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You Don't Know What You've Got 'Til It's Gone

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June 10, 2022
Michael Schubach

Anniversaries are being observed!  Hospitality Upgrade is 30 years old, HITEC is turning 50, and Rich Siegel is older than both of them, individually or combined.  Retrospectives are in order, so as I myself totter into antiquity, allow me to lend a bit of personal perspective. 

My career in hospitality began in the era of “electro-mechanicals,” most notably, those delivered by the National Cash Register Company of Dayton, Ohio. I was always a sucker for a good electro-mechanical: in the sixth grade, I talked my father into closing my savings account, built from a short lifetime of birthday and Christmas money, and invested all $600 of it in NCR stock. Six years later that stock paid for my first year at college. 

I joined the labor force in the mid-1970s, where the grand masters of the marketplace were the NCR 4200 behind the front desk and the NCR Class 5 cash registers in the restaurants and bars. Although reservation systems like HOLIDEX were already in widespread use, only the biggest houses were computerized behind the front desk, which was still a very rare, very expensive process. The rush for on-property systems took hold with a vengeance in the 1980s, with the introduction of affordable ‘mini-computer’ solutions. Since those heady days, the hospitality market has been surfing the same technological tidal wave that’s swept the rest of the modern world. Our new mantra was “smaller, faster and more powerful leads us to more, better, and cheaper.”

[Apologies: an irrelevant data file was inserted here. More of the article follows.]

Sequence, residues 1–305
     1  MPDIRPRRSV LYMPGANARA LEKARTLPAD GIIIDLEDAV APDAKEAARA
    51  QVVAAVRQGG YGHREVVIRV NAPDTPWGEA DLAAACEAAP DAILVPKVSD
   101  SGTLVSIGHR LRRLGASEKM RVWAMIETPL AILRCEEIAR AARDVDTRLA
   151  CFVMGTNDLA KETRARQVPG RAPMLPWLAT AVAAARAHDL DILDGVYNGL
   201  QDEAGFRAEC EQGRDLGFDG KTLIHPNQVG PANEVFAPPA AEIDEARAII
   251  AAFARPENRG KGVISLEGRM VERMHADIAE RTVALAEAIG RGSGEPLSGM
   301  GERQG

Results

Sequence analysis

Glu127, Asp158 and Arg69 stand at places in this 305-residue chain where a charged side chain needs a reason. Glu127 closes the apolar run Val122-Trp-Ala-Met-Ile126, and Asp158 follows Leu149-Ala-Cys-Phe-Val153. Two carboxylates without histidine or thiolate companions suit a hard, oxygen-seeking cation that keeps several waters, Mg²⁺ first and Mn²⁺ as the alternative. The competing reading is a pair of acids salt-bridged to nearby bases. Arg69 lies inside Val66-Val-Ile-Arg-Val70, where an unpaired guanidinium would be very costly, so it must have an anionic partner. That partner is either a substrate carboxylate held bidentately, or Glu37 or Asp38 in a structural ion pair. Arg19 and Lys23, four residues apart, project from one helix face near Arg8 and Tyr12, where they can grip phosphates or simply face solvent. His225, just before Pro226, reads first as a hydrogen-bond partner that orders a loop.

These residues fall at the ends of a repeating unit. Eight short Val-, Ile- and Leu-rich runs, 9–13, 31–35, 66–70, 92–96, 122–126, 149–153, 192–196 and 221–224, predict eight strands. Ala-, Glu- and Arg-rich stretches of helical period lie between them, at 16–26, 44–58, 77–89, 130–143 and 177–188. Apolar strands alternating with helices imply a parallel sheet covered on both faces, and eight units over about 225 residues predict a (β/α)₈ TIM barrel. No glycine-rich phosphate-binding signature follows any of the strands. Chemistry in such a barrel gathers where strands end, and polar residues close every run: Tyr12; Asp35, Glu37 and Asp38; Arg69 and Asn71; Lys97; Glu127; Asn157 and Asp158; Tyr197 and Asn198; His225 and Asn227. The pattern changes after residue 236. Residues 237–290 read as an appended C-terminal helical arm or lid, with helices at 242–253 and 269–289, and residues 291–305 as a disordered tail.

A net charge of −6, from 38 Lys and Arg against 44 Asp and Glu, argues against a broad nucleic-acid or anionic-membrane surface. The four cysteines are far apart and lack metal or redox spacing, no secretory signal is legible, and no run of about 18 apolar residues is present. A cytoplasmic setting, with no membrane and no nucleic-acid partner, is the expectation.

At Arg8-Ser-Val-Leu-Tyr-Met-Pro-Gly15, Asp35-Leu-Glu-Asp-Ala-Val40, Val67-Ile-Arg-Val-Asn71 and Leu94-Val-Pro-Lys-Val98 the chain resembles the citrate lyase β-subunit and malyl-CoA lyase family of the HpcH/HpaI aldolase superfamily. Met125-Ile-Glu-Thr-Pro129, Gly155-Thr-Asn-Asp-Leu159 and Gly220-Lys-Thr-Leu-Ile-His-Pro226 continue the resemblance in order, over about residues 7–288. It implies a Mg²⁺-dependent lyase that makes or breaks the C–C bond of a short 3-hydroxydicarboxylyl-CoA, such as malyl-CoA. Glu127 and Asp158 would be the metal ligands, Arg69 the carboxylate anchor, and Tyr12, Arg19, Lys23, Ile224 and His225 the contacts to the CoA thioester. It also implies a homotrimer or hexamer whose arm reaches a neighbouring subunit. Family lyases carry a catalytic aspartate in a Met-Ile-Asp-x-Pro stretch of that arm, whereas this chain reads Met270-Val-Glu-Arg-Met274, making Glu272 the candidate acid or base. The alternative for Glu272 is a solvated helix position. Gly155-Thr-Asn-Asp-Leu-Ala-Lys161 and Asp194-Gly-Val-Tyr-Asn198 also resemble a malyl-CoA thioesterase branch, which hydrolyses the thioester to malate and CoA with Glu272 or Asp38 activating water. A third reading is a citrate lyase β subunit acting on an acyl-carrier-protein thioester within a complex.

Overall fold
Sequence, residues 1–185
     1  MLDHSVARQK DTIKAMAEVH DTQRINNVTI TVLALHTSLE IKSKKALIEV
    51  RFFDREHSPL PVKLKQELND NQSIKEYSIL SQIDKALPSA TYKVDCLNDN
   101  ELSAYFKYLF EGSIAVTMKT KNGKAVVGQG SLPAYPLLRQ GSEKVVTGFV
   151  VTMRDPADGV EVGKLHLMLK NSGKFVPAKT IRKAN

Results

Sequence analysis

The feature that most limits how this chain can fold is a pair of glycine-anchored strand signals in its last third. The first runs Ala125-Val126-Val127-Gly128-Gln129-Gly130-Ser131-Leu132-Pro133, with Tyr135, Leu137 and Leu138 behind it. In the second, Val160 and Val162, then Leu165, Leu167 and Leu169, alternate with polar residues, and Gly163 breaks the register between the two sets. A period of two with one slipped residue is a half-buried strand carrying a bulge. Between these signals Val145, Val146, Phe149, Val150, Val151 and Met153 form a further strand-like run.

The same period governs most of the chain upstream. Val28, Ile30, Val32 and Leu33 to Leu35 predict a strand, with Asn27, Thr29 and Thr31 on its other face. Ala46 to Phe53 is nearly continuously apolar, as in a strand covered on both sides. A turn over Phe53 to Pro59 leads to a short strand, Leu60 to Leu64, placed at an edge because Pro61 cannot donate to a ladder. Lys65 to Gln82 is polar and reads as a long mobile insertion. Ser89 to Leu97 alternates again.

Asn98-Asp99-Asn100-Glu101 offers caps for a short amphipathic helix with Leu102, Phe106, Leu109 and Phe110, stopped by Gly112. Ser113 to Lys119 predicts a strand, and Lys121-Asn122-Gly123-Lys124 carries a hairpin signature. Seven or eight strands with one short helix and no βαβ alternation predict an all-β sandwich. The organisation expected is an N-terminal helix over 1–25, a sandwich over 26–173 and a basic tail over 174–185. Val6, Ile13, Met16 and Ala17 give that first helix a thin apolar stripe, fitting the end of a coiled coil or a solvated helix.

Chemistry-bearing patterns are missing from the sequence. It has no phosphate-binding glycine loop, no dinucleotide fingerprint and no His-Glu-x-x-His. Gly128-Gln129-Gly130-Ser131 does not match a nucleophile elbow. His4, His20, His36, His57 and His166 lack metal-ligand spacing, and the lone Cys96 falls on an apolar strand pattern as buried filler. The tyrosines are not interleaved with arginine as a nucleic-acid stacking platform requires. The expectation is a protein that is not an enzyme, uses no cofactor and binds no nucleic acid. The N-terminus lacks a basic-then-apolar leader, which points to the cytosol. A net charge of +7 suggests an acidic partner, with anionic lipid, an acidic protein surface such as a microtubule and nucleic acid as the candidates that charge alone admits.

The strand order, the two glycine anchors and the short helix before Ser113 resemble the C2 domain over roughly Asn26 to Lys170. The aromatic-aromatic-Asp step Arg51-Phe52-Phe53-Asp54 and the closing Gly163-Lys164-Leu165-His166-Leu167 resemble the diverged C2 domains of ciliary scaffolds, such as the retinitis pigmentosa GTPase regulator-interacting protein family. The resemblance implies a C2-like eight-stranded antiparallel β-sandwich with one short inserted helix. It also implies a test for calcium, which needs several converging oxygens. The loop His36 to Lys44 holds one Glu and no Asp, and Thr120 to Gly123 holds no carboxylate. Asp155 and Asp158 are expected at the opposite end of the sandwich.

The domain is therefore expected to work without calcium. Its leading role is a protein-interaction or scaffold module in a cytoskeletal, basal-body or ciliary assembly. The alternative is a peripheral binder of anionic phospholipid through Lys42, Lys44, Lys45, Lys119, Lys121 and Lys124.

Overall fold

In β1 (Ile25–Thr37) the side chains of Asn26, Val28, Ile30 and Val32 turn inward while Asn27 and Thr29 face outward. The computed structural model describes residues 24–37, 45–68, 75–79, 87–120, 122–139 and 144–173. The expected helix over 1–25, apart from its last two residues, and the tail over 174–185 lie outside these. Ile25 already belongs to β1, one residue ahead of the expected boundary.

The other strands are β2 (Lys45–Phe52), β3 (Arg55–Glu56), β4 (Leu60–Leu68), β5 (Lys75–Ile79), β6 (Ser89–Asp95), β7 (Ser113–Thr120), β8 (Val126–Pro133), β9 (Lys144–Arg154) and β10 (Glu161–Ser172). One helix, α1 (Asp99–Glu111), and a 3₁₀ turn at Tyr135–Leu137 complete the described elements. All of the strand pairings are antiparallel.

As I look back at the hundreds of installations that I’ve done or overseen, no project ever resulted in significant staff reductions. It’s not like computerization hadn’t eliminated lots of jobs: manufacturing robotics had taken its fair share of humans off the assembly line, and ATMs had made most bank tellers a thing of the past. And it’s not like hopeful hoteliers weren’t interested in labor savings – it just wasn’t meant to be… there or then.  The level of computerized sophistication we delivered to early adopters resulted in greater organization, fewer errors and omissions, a more efficient arrival, and a more balanced departure. We weren’t about less staff; we were about less waste and silliness.  

But the 21st Century has other ideas. Getting the job done accurately? Check.  (Well, mostly check.) Getting the job done more imaginatively? Sure, why not?  The rise of practical magic, or Artificial Intelligence as we muggles like to call it, means that we can see patterns and make connections that were invisible without advanced courses in wizardry. The benefits that will accrue to both guests and hoteliers remain to be properly harvested, but that’s definitely in the offing. There’s only one mountain left to climb: getting the job done without any people whatsoever.  

The response I would give to this inevitability is not ‘why not?’ but rather ‘why?’ And the obvious answer to my question is what makes this an inevitable outcome: because we can.  We’ve reached a level of electronic sophistication where there isn’t much that can’t be done faster and cheaper by the non-human crowd, so why not smash that final barrier?  In the absence of a compelling reason to refrain, we will persevere and triumph, but will we be better off for having done so?

I’m not so sure.

We are, at our core, social animals. What makes travel such a marvel of discovery flows in large part from the human interaction with those who help us through our journey. Inventing an economic reason for not having front line service personnel threatens not only those who provide, but also those who consume. Labor costs can come down, but it could force us to forego what often works so well and that we most humanly crave.